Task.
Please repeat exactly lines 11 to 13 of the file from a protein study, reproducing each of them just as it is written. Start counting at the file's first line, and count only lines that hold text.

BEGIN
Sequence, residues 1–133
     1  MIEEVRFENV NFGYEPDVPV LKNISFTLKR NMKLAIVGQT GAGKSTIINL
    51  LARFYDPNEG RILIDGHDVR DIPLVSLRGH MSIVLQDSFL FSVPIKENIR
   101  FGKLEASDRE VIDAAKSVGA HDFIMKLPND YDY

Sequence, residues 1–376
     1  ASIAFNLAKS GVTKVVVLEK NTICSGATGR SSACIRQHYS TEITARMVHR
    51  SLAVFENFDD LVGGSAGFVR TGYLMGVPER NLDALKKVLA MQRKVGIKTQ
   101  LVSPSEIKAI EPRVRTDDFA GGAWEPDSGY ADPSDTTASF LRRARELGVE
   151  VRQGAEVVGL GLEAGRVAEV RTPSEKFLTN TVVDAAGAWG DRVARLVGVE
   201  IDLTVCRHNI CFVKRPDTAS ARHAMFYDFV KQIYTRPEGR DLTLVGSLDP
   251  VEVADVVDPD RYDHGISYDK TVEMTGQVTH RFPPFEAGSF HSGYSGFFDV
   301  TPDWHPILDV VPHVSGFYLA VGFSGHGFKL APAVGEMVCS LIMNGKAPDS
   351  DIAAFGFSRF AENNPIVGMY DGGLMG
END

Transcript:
   251  VEVADVVDPD RYDHGISYDK TVEMTGQVTH RFPPFEAGSF HSGYSGFFDV
   301  TPDWHPILDV VPHVSGFYLA VGFSGHGFKL APAVGEMVCS LIMNGKAPDS
   351  DIAAFGFSRF AENNPIVGMY DGGLMG